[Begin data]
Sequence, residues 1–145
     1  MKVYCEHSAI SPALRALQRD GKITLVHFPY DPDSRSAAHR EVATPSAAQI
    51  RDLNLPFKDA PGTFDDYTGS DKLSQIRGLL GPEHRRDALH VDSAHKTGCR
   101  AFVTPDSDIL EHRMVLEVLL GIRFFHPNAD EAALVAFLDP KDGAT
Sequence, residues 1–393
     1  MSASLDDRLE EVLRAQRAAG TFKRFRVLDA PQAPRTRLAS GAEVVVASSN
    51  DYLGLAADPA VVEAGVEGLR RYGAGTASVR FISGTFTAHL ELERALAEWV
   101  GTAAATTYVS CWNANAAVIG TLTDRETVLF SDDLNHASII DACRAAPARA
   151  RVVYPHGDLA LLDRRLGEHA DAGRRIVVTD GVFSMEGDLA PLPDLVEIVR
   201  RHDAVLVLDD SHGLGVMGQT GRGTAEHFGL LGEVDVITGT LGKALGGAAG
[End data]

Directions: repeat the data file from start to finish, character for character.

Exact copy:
Sequence, residues 1–145
     1  MKVYCEHSAI SPALRALQRD GKITLVHFPY DPDSRSAAHR EVATPSAAQI
    51  RDLNLPFKDA PGTFDDYTGS DKLSQIRGLL GPEHRRDALH VDSAHKTGCR
   101  AFVTPDSDIL EHRMVLEVLL GIRFFHPNAD EAALVAFLDP KDGAT
Sequence, residues 1–393
     1  MSASLDDRLE EVLRAQRAAG TFKRFRVLDA PQAPRTRLAS GAEVVVASSN
    51  DYLGLAADPA VVEAGVEGLR RYGAGTASVR FISGTFTAHL ELERALAEWV
   101  GTAAATTYVS CWNANAAVIG TLTDRETVLF SDDLNHASII DACRAAPARA
   151  RVVYPHGDLA LLDRRLGEHA DAGRRIVVTD GVFSMEGDLA PLPDLVEIVR
   201  RHDAVLVLDD SHGLGVMGQT GRGTAEHFGL LGEVDVITGT LGKALGGAAG